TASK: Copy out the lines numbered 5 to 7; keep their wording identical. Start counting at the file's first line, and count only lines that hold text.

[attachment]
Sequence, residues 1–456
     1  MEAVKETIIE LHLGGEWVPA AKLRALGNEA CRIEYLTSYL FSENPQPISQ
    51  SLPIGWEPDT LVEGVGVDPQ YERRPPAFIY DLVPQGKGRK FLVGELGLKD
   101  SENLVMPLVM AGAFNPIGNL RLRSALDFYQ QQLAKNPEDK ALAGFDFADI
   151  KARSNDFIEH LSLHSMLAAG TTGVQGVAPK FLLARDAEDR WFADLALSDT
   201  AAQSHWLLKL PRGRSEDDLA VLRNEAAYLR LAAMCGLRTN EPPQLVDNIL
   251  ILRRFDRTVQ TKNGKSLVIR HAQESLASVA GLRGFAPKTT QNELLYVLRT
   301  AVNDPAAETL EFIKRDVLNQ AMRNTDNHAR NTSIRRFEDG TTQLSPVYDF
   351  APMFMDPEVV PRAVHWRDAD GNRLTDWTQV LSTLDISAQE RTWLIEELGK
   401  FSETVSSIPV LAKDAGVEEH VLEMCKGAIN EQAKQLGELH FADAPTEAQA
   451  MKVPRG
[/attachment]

   151  KARSNDFIEH LSLHSMLAAG TTGVQGVAPK FLLARDAEDR WFADLALSDT
   201  AAQSHWLLKL PRGRSEDDLA VLRNEAAYLR LAAMCGLRTN EPPQLVDNIL
   251  ILRRFDRTVQ TKNGKSLVIR HAQESLASVA GLRGFAPKTT QNELLYVLRT